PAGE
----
In Defense of HASS: A Humanist Responds
|Peter A. Shulman|
Do we value the humanities too much at MIT? Should we slice the eight subject HASS requirement in half? These are the questions Justin Wong asks us in his recent opinion piece of September 19. They are provocative questions that deserve vigorous discussion.
I disagree with Mr. Wong, but I do not propose to refute him point by point. Instead, I want to raise my own question about the measure of value in education. And then I want to relate an unusual story from the history of the Institute, to my knowledge never before told in print.
Woven into Mr. Wong’s argument are repeated references to the questionable usefulness of a HASS education for life beyond the classroom. His measure of HASS’s value, if I understand him, is largely by its applicability to professional pursuits. These classes take time away from the technical subjects “essential to my career development,” he writes. They do not develop skills for “writing memos to technical colleagues or giving presentations to clients.” HASS subjects inundate students with “a deluge of readings and ivory tower philosophizing.” Fittingly, the one class he suggests requiring of all students he bases on management communication.
I’d like to ask whether “usefulness” is the appropriate measure of a humanistic or artistic education. I think it is not. These subjects may be useful (those of us who devote our careers to these fields certainly hope there’s something valuable to them) but I want to suggest that usefulness is not the appropriate yardstick by which we judge them.
To understand why the humanities, arts, and social sciences play such an essential role at the Institute, we need only look at Killian Court. There, inscribed along the upper walls of the court’s four pavilions, one hundred and ten names signal to the world the heroes of our peculiar little culture. Ten of these names tower above the rest, marking some of the most monumental achievements of the human mind: Aristotle, Archimedes, Newton, Darwin, Shakespeare, Copernicus — wait, come again? Shakespeare? He’s not in Killian Court, is he?
No, he’s not. But he almost was. And his proposed inclusion among these top ten names, and his eventual removal from the list, capture an enduring tension about the educational role of the humanities and arts at MIT. Here’s the story:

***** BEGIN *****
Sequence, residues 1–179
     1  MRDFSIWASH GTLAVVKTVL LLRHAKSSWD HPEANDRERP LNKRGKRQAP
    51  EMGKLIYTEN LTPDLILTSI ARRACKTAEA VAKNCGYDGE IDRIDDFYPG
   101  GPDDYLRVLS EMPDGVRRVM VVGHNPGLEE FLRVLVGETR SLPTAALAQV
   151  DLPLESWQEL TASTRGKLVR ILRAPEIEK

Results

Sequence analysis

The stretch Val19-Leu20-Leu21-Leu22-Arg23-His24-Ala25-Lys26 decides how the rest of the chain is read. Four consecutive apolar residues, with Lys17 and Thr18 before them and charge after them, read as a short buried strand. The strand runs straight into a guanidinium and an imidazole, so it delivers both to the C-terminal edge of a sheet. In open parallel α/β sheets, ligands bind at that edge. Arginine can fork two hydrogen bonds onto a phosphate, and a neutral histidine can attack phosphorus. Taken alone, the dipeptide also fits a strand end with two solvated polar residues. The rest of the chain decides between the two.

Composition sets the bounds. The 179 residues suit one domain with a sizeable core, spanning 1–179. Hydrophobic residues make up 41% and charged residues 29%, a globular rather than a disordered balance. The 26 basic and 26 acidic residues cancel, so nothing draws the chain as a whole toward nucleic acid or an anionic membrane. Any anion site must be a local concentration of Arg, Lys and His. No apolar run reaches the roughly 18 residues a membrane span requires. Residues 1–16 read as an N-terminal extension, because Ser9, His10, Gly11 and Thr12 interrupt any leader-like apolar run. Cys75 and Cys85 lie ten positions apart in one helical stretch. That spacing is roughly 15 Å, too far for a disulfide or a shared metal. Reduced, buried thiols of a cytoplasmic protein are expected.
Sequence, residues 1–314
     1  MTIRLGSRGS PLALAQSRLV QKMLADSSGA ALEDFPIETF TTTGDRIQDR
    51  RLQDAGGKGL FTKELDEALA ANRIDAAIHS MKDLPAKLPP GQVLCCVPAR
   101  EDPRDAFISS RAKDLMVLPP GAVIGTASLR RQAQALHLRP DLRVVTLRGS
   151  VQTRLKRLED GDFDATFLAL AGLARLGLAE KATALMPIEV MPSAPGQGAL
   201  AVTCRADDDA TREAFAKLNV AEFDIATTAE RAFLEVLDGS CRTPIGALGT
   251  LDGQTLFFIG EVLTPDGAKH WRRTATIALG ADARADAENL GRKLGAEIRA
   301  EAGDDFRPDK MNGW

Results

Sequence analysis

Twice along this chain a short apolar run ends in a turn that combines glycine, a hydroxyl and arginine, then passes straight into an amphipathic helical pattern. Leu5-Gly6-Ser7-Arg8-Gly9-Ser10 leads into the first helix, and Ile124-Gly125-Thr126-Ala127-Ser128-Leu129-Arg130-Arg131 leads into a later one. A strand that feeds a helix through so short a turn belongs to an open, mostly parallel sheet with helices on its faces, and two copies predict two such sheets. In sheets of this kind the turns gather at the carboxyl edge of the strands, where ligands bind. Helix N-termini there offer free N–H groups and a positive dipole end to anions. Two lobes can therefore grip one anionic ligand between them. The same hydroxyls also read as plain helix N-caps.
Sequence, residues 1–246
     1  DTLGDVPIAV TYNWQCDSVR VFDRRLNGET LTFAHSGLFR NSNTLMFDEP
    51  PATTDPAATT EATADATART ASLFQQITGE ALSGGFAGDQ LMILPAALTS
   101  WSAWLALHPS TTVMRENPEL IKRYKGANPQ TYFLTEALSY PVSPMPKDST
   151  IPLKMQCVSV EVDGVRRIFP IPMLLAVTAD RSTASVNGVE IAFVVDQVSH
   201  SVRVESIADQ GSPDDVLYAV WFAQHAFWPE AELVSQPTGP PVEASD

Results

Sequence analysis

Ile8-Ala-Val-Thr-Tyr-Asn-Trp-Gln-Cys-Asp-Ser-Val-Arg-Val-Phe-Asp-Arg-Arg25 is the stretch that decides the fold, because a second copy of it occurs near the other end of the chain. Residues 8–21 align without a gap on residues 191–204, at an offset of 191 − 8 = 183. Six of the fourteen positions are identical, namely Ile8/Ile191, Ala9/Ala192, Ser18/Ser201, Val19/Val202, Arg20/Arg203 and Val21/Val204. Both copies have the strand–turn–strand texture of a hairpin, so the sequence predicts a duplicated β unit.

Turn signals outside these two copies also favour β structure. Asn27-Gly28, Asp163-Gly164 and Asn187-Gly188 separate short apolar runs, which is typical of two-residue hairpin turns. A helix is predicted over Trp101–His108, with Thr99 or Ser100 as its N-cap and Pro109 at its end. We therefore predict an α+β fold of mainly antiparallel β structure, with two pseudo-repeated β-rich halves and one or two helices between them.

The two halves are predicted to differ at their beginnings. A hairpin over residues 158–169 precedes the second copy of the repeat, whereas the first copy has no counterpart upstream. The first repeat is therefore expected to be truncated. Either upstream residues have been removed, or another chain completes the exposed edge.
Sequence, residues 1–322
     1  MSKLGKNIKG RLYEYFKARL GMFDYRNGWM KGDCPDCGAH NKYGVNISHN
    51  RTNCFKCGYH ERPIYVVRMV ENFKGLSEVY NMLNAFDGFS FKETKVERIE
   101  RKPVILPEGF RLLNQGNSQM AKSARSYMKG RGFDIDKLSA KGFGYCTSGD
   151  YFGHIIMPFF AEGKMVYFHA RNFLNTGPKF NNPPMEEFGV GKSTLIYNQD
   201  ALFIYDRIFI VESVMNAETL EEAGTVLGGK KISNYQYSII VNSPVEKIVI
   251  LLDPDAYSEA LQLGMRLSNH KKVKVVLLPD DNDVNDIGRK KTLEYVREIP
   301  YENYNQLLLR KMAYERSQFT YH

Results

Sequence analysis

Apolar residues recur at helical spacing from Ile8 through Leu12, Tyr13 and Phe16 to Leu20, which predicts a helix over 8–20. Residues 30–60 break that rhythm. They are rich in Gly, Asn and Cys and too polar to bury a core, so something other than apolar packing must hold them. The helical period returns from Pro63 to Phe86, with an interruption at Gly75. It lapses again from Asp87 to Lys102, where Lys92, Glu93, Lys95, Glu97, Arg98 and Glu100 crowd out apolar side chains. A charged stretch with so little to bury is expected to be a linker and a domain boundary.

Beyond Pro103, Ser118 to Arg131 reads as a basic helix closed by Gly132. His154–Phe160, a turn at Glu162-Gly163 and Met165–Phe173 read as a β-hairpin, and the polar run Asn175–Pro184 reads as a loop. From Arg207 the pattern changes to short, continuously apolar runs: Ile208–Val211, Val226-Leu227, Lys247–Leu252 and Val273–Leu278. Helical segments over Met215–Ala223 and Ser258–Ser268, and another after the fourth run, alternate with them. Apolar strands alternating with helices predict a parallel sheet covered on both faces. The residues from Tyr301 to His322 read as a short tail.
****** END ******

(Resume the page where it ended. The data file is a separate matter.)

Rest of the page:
It was the winter of 1915. MIT’s sixth president, Richard Maclaurin, was preparing to bring the Institute into a new era, relocating the campus from its crowded home in the Back Bay to a new building complex on Cambridge landfill abutting the Charles River.
Maclaurin received a letter from an alumnus. In the letter, a suggestion. Shouldn’t the new buildings include some sort of inscription? Perhaps the one that adorned the entrance to Plato’s famous Academy in Athens: “Let no one ignorant of Geometry presume to enter here.” Appropriate words for the Institute, no?
Yes, they were, and the symbolism of an inscription appealed to Maclaurin. But he had another idea. Why not etch the names of eminent figures from the history of science and engineering? What better way to distinguish MIT from its fellow universities? What better way to symbolize our ideals?
Excited, he wrote his faculty. He inquired about the men (they were presumed to be men) who contributed most to the disciplines represented at the Institute.
The exercise stimulated the passions of the faculty as well as the corporation. Symbols, after all, are laden with emotional importance. That is why we respond to them. One correspondent thought the list included too many architects. Another protested that there were too few.
And then there was Shakespeare.
For the ten massive names, Maclaurin selected the least contentious major figures: Aristotle, Copernicus, Newton (the Anglophile Maclaurin managed to keep Leibnitz off the list altogether), Faraday, Darwin, and Lavoisier. For the rest, he entertained Pasteur, Leonardo da Vinci, Archimedes, Shakespeare, and the American physicist Joseph Henry. Henry was tossed out quickly. Shakespeare was another story.